Correctional Services said that “matters are under control” at Johannesburg’s Sun City Prison on Wed.
Gauteng's MEC for Social Development, Kgaugelo Lekgoro, presented the department's budget vote and focused on the following:
"There are a little more than 90 old-age homes in the province. Only 10 of these are in predominantly African townships.
Of the 135 luncheon clubs in the province where the elderly can gather during the day for different activities such as recreation, physiotherapy, counselling services and provision of nutritionally balance meals, only 27 are in townships where the majority of the province's elderly people live.
The department will in this financial year extend the services of the 27 clubs to cover all services required by the Older Persons Act, namely, spiritual, cultural, medical, civic and social services.
We will also expand these services to Duduza, Wattville and Boipatong - where none exist. In the next financial year, we will start building old-age homes in the 20 poorest townships on an incremental basis from one financial year to the next.
We have 930264 children aged up to six in the province needing early childhood development programmes. However, we can trace only 23504 children currently under such programmes. Half of these are African children in backyards being offered nothing more than child-minding while their parents are at work.
"Government will establish one early childhood development site in each of the 20 townships. We will train practitioners from these communities. We will continue to support creches initiated by mothers. We will help them meet standards to register and fund them.
Orphaned and vulnerable children
We have 300000 orphaned children, a significant number as a result of HIV-Aids. We have made inroads through community home-based care programmes.
We will continue funding the 100 community home-based care sites and roll out 30 new sites.
To date, 47075 children have been placed in foster care. We have 9578 children in residential care.
We fund 58 non-governmental organisations catering for 5000 such children.
This financial year we will increase subsidies from R1300 to R1600 a child.
We will continue child support grants under Bana Pele. We will roll out the single window system that will enable a child who receives a grant to access education and health services without having to go through another means test. This programme also benefited 688 unemployed women in sewing projects.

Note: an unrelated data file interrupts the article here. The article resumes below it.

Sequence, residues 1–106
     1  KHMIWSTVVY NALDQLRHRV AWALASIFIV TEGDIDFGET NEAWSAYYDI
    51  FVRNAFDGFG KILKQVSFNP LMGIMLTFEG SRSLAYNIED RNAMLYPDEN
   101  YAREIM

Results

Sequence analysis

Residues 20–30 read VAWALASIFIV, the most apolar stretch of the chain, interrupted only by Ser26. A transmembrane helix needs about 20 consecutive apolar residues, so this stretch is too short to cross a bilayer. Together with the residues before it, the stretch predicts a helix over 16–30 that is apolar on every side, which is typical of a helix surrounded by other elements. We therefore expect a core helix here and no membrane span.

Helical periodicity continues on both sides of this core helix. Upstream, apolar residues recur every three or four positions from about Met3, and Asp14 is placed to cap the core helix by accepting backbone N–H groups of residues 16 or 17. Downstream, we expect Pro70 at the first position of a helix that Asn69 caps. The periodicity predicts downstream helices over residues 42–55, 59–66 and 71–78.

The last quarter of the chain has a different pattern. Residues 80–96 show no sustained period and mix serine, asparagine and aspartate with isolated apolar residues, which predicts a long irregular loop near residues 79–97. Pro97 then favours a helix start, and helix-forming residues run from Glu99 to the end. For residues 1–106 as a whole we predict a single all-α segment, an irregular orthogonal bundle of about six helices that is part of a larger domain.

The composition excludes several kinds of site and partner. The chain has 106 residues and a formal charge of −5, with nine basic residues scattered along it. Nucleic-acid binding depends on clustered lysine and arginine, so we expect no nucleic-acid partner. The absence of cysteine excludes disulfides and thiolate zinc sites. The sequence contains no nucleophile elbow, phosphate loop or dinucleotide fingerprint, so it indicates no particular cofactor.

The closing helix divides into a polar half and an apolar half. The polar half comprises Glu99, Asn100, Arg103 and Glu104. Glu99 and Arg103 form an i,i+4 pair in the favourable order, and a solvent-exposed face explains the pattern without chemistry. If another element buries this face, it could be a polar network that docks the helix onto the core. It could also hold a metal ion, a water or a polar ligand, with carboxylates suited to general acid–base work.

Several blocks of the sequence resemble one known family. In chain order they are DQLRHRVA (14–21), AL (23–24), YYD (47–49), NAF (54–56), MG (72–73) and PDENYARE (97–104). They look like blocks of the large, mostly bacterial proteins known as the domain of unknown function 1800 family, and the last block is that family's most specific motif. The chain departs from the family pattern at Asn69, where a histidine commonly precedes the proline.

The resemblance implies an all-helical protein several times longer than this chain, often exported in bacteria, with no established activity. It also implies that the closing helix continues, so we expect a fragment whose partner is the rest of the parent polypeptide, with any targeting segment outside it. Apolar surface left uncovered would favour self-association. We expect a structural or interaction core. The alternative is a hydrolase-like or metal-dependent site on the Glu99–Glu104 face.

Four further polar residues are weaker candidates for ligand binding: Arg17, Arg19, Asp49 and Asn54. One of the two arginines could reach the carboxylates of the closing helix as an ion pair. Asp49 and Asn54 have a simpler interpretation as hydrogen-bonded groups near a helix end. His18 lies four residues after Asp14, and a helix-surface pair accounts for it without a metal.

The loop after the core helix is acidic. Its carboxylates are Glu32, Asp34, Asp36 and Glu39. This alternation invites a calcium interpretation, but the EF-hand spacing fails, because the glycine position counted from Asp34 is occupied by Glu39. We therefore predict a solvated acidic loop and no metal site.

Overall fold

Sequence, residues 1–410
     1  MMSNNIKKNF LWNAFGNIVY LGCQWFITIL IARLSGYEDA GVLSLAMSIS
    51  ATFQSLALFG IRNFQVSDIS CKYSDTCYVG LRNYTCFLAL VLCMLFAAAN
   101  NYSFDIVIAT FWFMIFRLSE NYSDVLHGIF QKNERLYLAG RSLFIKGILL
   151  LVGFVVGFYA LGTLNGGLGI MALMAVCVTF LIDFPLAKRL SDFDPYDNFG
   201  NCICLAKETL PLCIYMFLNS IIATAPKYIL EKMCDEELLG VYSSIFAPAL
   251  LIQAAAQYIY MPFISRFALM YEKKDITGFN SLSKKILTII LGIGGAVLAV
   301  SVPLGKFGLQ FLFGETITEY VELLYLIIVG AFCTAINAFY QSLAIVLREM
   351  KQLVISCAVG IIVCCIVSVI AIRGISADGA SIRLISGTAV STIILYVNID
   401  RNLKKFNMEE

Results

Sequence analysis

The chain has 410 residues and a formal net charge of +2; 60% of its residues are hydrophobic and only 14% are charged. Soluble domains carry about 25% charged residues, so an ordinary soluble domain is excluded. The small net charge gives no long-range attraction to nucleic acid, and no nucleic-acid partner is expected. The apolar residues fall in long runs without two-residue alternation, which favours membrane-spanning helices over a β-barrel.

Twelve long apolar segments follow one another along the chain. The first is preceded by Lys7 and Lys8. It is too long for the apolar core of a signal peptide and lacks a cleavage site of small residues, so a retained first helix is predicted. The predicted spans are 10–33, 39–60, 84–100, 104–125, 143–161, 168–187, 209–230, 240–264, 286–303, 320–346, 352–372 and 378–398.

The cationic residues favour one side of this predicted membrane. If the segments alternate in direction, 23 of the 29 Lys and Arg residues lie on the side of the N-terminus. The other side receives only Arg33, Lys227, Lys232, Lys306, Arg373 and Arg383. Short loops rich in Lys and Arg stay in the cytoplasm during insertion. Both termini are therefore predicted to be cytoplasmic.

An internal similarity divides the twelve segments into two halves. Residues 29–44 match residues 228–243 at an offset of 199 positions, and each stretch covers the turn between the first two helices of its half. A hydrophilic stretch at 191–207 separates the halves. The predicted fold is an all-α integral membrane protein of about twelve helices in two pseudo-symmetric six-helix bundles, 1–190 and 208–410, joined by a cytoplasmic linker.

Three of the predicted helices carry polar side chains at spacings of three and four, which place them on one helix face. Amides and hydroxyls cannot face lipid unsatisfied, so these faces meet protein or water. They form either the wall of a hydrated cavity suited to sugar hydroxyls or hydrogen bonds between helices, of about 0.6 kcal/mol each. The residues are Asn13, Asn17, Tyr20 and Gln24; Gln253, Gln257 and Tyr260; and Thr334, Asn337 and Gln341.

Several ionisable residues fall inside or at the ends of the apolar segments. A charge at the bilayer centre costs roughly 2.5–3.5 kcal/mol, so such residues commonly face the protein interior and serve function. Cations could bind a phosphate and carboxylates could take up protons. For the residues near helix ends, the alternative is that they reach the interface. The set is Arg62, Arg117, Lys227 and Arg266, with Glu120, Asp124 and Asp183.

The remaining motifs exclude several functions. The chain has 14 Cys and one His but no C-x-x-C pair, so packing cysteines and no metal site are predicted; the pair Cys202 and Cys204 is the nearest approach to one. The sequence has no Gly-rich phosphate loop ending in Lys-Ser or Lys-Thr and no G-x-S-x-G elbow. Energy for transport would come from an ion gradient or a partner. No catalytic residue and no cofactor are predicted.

Our province is mainly an urban one with large townships and informal settlements continuing to attract migration.
Through this movement, we are recipients of younger people who settle alone in houses and face parenting challenges as they eke out a living. Single parenthood is on the ascendancy.
The high divorce rate continues to impact on children. All this weighs heavily on the family structure. Once the family collapses under these conditions, the old and young turn to substance abuse for relief.
Alcohol and dagga remain the dominant substances which are abused. Those who abuse substances in turn abuse the elderly, women and children at home.
Communities are also threatened as ordinary residents suffer assault, mugging, theft and rape.
It has been reported that some car hijackings and gruesome robberies were committed after the perpetrators used illegal drugs.
Our substance abuse programmes are still dominated by awareness content.
To promote our prevention programmes, we will in this financial year put together programmes on early detection and referral in schools.
We will also establish five local drug action committees in each region to coordinate prevention programmes within communities.
There are 19 fully-fledged treatment centres in Gauteng, but none in the townships. Since the advent of democracy, we have been able to establish 12 satellite centres in townships.
The challenge has been to develop programmes that are mainly preventative and to deliver treatment services to the doorsteps of where the majority of those who abuse substances live, namely the townships."